Russian writers urge readers to read legally

April 10, 2013 Alisa Orlova, special to RBTH
Russia launches its first social campaign aimed at promoting licensed electronic books. Today 90 percent of electronic books are obtained illegally and project’s organizers hope to change it.
Will people pay for electronic content if it can be obtained for free? Source: ITAR-TASS
Will people pay for electronic content if it can be obtained for free? Source: ITAR-TASS

While the number of bookstores and hardcopy books is shrinking in Russia, the market for electronic books is booming. Unfortunately, most e-books in Russia are illegally consumed through pirated downloads.

The online project Read Legally aims to alert readers to the harm that illegal downloads do authors and to promote the advantages of licensed e-books.

Despite Russia printing a total of about 500 million hardcopy books per year and retaining its spot on the list of top-5 global publishers, the number of bookshops in the country has shrunk twofold in just five years, with paper editions becoming increasingly less lucrative.

On the upside, the Russian e-book market has skyrocketed 200 percent in the last few years and may reach 30 million downloads in 2013, according to experts.

The problem is that 90 percent of electronic books are obtained illegally, publishers and key book market players revealed at a recent Read Legally project presentation.

The new Read Legally online project is designed to increase the popularity of licensed books and change the situation with digital piracy.

Vladimir Grigoryev, deputy head of the Russian publishing agency Rospechat, believes that the dialogue with readers should develop on amicable terms, focusing on the quality of licensed products and the royalties paid to writers per copy of their work sold.

“As of today, quite a lot of people don’t really know whether they are reading licensed or pirated books,” Grigoryev said. “We are aiming to bring the usability and other advantages of licensed electronic books to the spotlight.”

The project has been supported by various government agencies and key market players, including major Russian publishing houses, online shops, web search engines and payment systems.

“This market niche is scalable. Besides, e-books are easier and faster to get, compared to their paper counterparts. For the time being, though, it is pirates who are capitalizing the most on e-book downloads,” said Mikhail Osin, head of digital sales at OZON.ru.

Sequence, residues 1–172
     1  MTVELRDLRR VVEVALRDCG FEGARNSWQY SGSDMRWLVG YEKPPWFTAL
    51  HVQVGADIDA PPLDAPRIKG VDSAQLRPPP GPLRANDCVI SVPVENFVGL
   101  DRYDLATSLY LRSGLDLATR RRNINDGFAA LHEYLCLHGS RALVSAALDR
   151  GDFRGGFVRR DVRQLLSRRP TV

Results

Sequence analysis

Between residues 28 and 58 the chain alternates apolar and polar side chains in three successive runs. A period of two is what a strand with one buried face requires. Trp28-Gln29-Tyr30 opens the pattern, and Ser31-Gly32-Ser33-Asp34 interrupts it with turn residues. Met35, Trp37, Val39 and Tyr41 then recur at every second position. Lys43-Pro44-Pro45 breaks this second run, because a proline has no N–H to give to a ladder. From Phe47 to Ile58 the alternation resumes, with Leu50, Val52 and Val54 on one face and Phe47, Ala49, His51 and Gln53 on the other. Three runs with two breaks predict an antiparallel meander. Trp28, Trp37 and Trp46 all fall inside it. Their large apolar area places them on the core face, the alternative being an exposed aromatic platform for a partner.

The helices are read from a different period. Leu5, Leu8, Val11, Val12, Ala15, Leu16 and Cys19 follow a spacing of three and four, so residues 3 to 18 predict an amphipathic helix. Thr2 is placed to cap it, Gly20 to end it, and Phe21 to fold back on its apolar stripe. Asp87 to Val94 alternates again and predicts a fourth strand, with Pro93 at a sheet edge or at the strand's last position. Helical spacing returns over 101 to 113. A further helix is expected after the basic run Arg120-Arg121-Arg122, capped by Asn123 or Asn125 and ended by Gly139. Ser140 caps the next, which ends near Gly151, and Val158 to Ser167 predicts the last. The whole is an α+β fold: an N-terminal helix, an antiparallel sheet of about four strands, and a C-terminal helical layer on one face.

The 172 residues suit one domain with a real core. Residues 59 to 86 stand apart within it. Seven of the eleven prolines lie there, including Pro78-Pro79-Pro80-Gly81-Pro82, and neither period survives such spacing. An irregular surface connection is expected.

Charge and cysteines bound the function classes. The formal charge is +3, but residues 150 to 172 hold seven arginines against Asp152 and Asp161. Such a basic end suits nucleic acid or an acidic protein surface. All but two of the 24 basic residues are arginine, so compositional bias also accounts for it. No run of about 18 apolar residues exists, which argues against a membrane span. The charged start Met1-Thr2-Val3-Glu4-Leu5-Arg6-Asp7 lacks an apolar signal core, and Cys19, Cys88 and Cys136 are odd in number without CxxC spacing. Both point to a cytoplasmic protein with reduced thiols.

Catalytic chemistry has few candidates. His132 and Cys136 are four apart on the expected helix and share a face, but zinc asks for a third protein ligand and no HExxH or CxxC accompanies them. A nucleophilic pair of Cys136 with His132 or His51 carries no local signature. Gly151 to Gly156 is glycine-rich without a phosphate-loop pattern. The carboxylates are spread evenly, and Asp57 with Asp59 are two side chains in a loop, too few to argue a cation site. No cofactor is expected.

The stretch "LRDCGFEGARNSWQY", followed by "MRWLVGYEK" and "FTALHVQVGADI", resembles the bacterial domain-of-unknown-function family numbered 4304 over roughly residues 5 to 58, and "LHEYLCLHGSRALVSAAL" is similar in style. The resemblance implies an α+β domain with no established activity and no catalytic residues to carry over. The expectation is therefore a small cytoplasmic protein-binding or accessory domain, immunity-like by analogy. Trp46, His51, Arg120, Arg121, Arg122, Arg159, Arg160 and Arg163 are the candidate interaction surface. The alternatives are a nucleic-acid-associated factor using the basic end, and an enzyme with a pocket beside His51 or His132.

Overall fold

“In 2010, OZON.ru became the first company to introduce an e-reader for the Russian market that allowed its users to buy books online and sync their purchases. Unfortunately, the project was a failure,” said Osin.

“In practice, Russians usually only use such devices to store their collections of pirated books, and this tendency can be observed even today”.

According to OZON.ru data, electronic books are sold in Russia for about 120 rubles (around $4) each, on average, while hard copy books cost around 250 rubles (about $8). Yet, Osin believes that pricing matters are just a pretext obscuring the real reason – a general unwillingness to pay for something that can be obtained for free.

“If the whole e-book market went underground tomorrow, our writers would have to find another job,” said Oleg Novikov, CEO of Eksmo – one of the biggest publishing houses in Russia.

“Over 70 percent of books published in Russia are by Russian authors. Illegal content exposes writers to financial risks that can make their work unfeasible.

Readers need to understand that every time they buy a book from a legitimate source they support their favorite authors.

The stock of books that can be accessed legally increases by 60-70 percent annually. All this creates opportunities for readers to download literary works legally”.

Readers can access the Read Legally website at www.piratstvu.net to learn about legal e-book stores, the list of which will be updated regularly.

Apart from that, the online portal seeks to raise public awareness on a number of relevant issues: for example, the site contains several diagrams which demonstrate convincingly that the lion’s share of work with written texts takes place at the pre-printing stage.

Another area the website studies in detail is the distribution of book sales revenues.

The project’s organizers also plan to support a dialogue between authors and their readers. In a video posted on the website, a number of Russian novelists elaborate on the harm that illegal books have caused them.

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